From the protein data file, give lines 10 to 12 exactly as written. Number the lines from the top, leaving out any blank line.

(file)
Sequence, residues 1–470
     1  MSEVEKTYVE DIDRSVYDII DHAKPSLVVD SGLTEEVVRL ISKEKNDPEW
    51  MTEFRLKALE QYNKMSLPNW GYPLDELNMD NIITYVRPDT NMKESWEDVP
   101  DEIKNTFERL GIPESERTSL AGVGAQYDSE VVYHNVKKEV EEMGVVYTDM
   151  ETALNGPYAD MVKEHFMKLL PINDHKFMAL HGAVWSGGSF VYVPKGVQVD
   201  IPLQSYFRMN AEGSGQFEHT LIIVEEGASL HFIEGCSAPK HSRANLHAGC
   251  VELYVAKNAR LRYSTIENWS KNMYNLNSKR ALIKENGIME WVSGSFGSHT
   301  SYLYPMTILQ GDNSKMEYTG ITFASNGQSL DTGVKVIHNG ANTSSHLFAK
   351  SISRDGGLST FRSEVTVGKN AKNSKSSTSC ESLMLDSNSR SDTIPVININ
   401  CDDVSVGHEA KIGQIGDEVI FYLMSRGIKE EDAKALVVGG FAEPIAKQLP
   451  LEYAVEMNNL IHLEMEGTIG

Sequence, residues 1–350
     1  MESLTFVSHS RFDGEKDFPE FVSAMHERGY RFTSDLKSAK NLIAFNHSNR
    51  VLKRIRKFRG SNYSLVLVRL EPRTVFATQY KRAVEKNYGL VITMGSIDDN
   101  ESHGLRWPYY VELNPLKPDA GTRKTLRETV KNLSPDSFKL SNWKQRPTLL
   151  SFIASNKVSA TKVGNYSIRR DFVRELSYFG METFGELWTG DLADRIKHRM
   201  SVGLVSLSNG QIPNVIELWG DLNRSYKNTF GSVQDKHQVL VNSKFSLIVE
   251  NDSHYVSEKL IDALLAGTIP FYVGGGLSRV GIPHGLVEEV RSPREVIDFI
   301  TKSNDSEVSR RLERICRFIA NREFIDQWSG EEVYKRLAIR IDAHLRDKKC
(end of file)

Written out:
   401  CDDVSVGHEA KIGQIGDEVI FYLMSRGIKE EDAKALVVGG FAEPIAKQLP
   451  LEYAVEMNNL IHLEMEGTIG

Sequence, residues 1–350